“We looked around, and the only thing we came across was HEOS,” Archibald says. “That partnership did not continue, but we thought HEOS was an interesting tool. So we used it for a couple of small lab projects. A couple years ago, a more substantial collaboration came along and we used it.”
UCB began using HEOS to facilitate the exchange of structural scientific data, Archibald says, and has since implemented analytical applications.
In Archibald’s view, the adoption of cloud computing has had little effect on UCB’s traditional informatics infrastructure. Although cloud computing facilitates research partnerships involving off-site data management, both data mining and storage of key data will continue to take place in-house, she says.
Genentech is using Dotmatics’ Studies Notebook software as an ELN-based support for working with chemistry CROs, according to Jeff Blaney, Genentech’s director of computational chemistry and cheminformatics. The information shared in the cloud, he says, is “low sensitivity”—primarily chemical structures and synthesis data, with no information on biological targets.
Blaney says Genentech has no plan to move away from in-house computers, which are already sharing data via the internet with no storage or analysis in the cloud. He describes a “surgical” approach to cloud computing.
“We recognize the need for a practical approach for dealing with a dynamic mix of CROs and collaborators,” he says. “Importing data from all of them is not easy, and plopping down software and making partners run it at their site is not practical. So the cloud approach seems like a pretty clear win for a chemistry ELN.” There is no strategy to go beyond chemistry on the cloud, “but it’s safe to say we are thinking about it.”
Blaney says he has seen little resistance to the cloud on the part of Genentech scientists. Rather, researchers and managers alike are interested in “seeing how it works” for solving technical problems, he says.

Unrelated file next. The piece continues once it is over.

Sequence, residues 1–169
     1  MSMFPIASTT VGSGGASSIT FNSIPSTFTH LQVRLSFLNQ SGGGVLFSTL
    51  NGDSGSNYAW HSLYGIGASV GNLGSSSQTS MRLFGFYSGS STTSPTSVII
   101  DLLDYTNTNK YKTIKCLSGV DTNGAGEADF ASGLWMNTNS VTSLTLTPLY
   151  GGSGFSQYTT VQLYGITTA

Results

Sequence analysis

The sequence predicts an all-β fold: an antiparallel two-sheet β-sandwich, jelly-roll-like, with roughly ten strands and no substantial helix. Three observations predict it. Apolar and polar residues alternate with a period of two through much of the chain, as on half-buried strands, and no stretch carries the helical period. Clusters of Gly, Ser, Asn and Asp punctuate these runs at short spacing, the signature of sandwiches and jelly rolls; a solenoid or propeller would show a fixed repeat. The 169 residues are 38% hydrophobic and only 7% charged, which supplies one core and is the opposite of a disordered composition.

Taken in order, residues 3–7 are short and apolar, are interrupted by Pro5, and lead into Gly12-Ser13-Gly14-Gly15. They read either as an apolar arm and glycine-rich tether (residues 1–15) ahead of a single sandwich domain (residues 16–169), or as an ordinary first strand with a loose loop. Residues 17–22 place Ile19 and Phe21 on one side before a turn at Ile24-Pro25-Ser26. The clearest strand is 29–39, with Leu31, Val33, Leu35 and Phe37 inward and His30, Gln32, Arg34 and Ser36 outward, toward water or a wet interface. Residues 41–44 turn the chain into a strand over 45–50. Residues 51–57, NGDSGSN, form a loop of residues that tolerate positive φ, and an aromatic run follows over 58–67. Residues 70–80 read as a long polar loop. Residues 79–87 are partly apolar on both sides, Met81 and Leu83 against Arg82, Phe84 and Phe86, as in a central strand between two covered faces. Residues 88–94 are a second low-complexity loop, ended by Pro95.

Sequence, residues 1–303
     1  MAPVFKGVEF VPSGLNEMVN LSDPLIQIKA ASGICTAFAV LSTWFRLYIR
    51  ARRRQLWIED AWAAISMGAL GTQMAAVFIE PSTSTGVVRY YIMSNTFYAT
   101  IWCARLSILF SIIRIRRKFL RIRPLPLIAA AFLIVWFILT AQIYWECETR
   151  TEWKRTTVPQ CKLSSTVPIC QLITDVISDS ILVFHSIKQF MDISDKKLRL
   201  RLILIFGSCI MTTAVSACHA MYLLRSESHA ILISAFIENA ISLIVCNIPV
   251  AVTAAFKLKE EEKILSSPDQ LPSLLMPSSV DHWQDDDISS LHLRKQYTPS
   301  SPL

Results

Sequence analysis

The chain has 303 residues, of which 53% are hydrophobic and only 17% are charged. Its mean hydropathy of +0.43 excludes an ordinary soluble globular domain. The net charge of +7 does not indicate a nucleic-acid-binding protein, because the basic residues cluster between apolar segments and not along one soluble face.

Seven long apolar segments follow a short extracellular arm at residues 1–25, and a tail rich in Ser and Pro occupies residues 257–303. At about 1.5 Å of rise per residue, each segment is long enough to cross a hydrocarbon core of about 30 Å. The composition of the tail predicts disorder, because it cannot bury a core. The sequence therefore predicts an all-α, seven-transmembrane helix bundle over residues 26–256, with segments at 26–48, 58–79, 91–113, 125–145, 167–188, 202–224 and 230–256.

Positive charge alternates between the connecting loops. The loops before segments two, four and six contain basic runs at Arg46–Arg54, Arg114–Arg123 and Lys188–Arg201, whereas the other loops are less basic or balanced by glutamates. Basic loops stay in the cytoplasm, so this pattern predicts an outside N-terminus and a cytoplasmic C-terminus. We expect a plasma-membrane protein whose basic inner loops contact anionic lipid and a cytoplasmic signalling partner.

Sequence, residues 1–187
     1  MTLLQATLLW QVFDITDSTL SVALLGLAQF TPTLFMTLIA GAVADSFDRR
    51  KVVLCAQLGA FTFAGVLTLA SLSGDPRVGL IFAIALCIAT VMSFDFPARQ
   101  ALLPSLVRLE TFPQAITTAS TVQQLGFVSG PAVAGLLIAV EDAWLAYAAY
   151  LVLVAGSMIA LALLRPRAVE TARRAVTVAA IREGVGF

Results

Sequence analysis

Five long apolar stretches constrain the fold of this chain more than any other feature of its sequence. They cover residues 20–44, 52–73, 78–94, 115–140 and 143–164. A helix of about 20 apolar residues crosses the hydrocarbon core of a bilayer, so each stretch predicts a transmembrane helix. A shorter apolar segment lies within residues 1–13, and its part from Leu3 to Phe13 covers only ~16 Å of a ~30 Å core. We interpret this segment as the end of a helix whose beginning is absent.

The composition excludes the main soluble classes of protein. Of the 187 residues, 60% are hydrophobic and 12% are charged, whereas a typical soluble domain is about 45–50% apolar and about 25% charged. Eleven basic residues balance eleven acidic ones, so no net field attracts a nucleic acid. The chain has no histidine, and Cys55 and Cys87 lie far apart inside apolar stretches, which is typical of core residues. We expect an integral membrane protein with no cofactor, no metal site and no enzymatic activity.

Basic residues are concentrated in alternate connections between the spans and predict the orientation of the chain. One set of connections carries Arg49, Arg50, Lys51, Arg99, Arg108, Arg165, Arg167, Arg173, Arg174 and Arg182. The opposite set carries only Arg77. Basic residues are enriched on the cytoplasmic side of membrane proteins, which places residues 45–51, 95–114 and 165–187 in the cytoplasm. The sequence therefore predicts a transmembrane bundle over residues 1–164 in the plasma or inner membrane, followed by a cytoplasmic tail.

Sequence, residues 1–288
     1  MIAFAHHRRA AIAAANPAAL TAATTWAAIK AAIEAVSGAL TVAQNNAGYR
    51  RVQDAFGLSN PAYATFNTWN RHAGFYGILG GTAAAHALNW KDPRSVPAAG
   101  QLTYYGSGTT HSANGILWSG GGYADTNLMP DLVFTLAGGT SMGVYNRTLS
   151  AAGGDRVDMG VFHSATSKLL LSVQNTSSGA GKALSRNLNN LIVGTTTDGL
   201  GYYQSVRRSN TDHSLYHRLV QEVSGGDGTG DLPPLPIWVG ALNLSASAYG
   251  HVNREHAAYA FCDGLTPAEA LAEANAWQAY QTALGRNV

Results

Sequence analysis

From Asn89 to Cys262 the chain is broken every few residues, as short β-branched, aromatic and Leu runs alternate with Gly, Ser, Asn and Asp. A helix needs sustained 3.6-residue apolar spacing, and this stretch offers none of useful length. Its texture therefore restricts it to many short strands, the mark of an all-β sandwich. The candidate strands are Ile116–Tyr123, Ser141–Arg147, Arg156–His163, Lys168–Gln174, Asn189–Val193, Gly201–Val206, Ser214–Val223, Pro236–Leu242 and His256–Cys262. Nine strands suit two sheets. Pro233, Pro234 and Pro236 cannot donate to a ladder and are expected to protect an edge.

Genentech’s genomics research operation, on the other hand, is currently standing back from the cloud, according to Matt Brauer, senior scientist for bioinformatics and computational biology. The group is studying options both for an internal cloud—hosting its own computers for spinning up data—and for an external cloud. At the moment, however, the company’s data center is capable of handling the volume of data generated during research.
Genentech researchers are not entirely comfortable with letting any data related to patients go outside the firm’s walls, Brauer says. He acknowledges that many companies are using cloud computing specifically for clinical research, but he figures that larger companies with full IT assets are likely taking a more cautious approach than smaller firms. “It is all a matter of how much risk you are willing to assume,” he says.
Meanwhile, the Broad Institute is crafting its own connection to the cloud for genomics research through a series of partnerships. Broad announced in April that it is collaborating with Amazon, Cloudera, Google, IBM, Intel, and Microsoft to enable access to GATK4, a cloud-based version of its Genome Analysis Toolkit. The announcement marks an expansion of a program launched last year using Google Cloud Platform as a provider.
When Broad started licensing the GATK software to genomics researchers in 2012, it was challenged to support them in their use of its huge data sets. Moving to the cloud gives licensees data storage and analysis capacity and also expands general access to the software, according to Geraldine Van der Auwera, manager of outreach and communications for data sciences and data engineering at Broad.
“There are amazing advantages to the cloud infrastructure,” Van der Auwera says. “External people can walk up and purchase sequencing as a service. In the past, to deliver results and data, you needed a fairly complicated system dedicated to the user. Now, we are moving toward a bucket that holds all the results.”
Van der Auwera says the cloud offers an elastic approach to researchers whose analysis and data volume requirements change regularly. Researchers look at the security question not as an obstacle, she says, but as a problem to be solved or a risk to be managed—something well worth the effort, given the potential benefits of accessing data and analytical services as needed from that bucket.
Connelly, the former Sanofi manager, agrees. Connelly says he watched in recent years as researchers at Sanofi began comparing the traditional ways of managing data and working with partners to practices enabled by cloud computing. As time went on, they became more comfortable with the security issues and more interested in the scientific possibilities.
Resistance is wearing down, he says. “I think, all of a sudden, that pharma gets it.”